Abhimanyu Rai, a retired Subedar Major from Military Engineering Services, says it is too early to comment on Agnipath scheme as much will depend on its implementation. His views:
The Centre’s decision to shorten the service period of foot soldiers under Agnipath scheme has caused largescale protests in the country. However, as I see it this is a long-due reform to cut the flab in defence services, decrease recurring costs and build a lean and mean force. This is 21st century. Our Armed Forces need some course correction to meet the challenges of new-age warfare.
Right now, it is too early to comment on the scheme as its success will depend on how our top bureaucrats and political leaders bring it into force. They must look beyond short-term gains of this recruitment scheme. Being an ex-army man, allow me to examine the scheme dispassionately.
The primary motive of the scheme is to reduce the burgeoning pension bill of the Armed Forces. I recently read an article that stated that 58% of the military expenditure is towards pension and related costs.
Reducing the period of training (six months) and the entitled leaves (nine months, provided one is entitled to it), they will be an effective service period of about a three-year tour of duty, discharge employment needs to be effectively taken care of.
The battle or ‘attributed to military service’ casualties will be treated on par with regular soldiers. This is appreciable and in addition, a fixed percentage from such intake will be absorbed as regular soldiers on merit is also welcomed.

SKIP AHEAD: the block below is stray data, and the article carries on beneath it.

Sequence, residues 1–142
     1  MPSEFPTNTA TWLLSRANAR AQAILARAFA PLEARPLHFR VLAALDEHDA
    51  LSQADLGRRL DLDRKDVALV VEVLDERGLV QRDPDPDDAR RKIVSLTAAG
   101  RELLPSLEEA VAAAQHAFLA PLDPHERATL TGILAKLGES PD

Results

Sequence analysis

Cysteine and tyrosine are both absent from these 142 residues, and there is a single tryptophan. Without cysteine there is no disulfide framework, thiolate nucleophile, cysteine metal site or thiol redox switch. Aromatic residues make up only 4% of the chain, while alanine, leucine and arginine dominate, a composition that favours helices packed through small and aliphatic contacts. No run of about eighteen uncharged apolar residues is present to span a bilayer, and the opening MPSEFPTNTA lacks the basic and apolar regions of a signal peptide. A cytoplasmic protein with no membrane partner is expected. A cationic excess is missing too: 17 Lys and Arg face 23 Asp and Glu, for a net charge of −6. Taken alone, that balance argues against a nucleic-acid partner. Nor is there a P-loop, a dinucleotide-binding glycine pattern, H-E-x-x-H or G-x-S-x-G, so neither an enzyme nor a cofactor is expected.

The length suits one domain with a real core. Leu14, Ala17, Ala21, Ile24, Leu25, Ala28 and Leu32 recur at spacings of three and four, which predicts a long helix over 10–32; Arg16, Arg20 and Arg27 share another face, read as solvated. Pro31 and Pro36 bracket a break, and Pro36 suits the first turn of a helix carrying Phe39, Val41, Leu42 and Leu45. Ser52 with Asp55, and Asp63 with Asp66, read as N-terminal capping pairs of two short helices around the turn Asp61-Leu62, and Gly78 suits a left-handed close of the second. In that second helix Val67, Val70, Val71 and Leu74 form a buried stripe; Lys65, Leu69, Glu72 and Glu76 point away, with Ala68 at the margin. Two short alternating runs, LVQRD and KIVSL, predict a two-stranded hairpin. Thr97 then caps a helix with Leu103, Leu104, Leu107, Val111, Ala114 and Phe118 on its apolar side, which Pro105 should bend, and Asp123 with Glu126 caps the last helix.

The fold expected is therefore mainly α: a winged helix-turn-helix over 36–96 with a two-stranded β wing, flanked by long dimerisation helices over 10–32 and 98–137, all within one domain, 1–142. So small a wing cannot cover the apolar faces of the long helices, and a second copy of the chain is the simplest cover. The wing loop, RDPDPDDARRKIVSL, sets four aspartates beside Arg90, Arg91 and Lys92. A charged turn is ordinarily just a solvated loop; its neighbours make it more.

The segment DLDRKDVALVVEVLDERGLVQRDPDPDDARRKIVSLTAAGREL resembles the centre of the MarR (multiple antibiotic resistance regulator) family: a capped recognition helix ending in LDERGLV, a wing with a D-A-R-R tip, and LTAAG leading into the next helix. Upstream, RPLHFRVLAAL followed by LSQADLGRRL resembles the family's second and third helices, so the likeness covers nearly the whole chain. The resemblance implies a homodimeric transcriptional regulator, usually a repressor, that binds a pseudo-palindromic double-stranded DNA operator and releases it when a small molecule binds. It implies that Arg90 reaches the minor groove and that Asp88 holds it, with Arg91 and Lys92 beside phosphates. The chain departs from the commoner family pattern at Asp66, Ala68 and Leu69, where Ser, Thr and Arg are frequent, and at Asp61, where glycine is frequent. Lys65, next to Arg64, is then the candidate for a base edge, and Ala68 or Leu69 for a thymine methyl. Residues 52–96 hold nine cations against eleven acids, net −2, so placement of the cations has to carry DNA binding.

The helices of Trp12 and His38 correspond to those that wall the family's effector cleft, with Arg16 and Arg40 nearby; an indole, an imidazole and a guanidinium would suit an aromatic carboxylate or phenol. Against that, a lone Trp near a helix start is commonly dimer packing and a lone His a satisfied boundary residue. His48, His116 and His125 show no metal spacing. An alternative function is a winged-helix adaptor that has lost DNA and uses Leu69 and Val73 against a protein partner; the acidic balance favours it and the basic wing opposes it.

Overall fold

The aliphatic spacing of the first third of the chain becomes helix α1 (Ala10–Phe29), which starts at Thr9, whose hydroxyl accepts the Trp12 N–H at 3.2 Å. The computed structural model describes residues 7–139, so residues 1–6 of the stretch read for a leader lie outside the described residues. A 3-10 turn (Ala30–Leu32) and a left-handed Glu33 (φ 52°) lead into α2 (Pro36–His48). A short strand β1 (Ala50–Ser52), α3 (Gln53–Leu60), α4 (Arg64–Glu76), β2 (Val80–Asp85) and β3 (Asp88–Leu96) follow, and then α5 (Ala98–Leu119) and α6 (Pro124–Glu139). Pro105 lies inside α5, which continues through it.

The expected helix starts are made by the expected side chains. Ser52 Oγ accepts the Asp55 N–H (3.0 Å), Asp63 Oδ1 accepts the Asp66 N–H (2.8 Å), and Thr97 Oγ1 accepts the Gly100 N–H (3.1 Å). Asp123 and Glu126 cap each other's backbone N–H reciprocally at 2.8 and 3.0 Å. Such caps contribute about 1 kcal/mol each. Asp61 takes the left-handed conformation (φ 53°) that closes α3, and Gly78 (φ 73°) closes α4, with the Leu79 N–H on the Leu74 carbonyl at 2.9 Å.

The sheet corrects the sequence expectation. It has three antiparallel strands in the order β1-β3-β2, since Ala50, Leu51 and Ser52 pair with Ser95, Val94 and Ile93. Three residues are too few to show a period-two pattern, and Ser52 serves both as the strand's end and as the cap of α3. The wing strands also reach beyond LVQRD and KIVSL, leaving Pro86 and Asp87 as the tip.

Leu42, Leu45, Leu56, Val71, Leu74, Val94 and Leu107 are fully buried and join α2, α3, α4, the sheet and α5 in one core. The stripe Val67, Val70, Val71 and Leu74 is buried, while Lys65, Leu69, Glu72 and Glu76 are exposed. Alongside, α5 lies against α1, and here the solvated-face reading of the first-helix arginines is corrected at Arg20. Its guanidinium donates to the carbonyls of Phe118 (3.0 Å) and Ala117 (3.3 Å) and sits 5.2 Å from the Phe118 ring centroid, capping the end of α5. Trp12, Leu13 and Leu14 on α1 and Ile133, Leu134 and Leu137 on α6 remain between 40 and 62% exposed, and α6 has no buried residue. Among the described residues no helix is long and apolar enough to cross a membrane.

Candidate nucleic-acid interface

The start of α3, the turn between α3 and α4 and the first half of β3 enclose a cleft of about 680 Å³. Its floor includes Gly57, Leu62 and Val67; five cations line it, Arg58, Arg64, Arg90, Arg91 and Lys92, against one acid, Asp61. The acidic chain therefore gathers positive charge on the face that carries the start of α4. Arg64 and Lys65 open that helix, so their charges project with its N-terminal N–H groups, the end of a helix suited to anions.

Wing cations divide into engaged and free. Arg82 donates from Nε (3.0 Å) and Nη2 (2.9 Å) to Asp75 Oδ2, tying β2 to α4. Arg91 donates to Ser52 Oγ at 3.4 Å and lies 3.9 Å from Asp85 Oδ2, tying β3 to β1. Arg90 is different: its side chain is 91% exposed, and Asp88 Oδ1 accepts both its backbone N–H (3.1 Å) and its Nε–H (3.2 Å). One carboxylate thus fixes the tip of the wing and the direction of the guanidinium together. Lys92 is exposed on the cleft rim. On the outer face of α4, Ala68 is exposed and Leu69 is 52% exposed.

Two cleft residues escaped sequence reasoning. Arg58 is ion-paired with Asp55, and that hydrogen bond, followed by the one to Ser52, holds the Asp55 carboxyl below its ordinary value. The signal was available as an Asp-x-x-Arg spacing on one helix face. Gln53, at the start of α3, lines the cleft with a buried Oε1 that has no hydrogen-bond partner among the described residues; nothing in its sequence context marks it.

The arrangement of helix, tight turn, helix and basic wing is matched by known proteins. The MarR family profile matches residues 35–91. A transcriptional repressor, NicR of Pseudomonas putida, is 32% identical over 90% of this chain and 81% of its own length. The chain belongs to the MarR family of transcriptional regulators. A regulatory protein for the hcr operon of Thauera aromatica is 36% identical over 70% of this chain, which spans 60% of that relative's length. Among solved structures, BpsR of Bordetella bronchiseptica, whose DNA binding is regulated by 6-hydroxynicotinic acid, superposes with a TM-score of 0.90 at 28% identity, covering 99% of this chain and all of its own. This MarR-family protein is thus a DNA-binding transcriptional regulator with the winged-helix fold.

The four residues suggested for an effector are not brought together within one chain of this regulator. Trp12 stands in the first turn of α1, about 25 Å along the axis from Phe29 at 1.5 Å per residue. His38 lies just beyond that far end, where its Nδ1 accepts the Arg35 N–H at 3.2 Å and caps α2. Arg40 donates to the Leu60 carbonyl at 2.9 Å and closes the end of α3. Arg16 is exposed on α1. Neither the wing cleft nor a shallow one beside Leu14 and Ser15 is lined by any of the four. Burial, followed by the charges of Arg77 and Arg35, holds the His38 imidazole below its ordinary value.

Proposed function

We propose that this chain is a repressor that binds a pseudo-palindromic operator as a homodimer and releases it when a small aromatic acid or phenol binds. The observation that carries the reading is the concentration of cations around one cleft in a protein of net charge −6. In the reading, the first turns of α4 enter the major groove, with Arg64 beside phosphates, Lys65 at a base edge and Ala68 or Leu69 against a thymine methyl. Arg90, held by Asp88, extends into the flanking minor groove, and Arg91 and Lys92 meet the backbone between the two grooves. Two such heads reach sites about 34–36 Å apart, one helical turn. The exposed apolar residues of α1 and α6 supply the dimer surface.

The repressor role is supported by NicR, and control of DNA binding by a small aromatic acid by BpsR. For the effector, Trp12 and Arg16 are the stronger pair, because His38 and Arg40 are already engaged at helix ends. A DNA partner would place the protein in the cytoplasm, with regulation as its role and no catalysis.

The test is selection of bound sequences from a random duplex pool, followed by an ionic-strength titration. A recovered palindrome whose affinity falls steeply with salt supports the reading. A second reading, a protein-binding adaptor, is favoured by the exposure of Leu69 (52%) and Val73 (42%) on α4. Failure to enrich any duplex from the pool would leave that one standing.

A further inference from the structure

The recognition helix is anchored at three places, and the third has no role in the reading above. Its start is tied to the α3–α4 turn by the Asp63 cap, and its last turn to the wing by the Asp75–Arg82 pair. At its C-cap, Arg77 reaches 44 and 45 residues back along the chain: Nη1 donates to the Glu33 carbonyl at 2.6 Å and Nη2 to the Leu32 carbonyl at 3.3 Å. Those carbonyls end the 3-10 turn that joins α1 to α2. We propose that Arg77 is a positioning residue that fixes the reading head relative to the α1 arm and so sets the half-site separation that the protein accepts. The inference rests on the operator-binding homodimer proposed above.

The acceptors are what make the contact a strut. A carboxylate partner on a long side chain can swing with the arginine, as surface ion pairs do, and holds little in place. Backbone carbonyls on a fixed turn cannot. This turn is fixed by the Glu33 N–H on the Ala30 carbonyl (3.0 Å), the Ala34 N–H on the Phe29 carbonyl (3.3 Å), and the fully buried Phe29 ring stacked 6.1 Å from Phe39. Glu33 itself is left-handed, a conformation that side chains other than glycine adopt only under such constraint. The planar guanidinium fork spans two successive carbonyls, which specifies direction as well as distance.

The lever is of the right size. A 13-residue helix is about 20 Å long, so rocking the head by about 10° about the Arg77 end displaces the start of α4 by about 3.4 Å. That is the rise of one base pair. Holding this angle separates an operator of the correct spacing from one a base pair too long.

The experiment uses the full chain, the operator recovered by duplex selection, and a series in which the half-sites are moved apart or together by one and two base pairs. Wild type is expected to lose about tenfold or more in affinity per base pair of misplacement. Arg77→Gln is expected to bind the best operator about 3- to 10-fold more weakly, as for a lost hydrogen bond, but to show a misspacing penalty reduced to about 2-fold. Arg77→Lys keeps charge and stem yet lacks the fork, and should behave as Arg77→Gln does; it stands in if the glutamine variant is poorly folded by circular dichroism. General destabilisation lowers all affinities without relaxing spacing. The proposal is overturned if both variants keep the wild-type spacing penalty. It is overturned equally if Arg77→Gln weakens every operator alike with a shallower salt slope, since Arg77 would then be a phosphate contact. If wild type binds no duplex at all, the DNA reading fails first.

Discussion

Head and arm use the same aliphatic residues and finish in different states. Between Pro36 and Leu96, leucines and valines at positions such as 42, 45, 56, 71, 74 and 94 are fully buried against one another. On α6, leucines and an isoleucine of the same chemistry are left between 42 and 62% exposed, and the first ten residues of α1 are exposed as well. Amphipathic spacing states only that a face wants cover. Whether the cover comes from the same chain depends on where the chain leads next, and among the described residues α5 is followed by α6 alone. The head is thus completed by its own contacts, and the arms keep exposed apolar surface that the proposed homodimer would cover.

Additional advantages cited in the scheme are: reducing the age profile of the Armed Forces, strengthening the society with military connect, improving career prospects of regular soldiers, instilling military character qualities and nationalism among the youth.
The scheme is certainly a far-reaching reform and short-term engagement for officers/soldiers is a time-tested method of managing manpower and reducing the pension budget of the defence services and the Indian military is no stranger to it.
It will give strength to the armed forces by creating a strong pool of skilled youth, who can, in the future, easily work in private security forces and other allied professions. This will help our youth to become disciplined which will, in turn, also effectively benefit the country.
However, what I can make out from what is available in the public domain, it, no doubt, has a number of conceptual flaws — be it the motivation of the youth for enrolment, service tenure, training period, operational/organizational needs of the forces and post-discharge benefits — for it to be a viable option.
However, the strength of the armed forces will not be reduced because the recruitment of 50,000 soldiers is going to continue every year to replace 60,000 retiring soldiers. The scheme, thus, comes with the advantage that this will make the country’s army young and it is also being propagated that the Indian Armed Forces will become more `jawan’ on average.
As told to Rajat Rai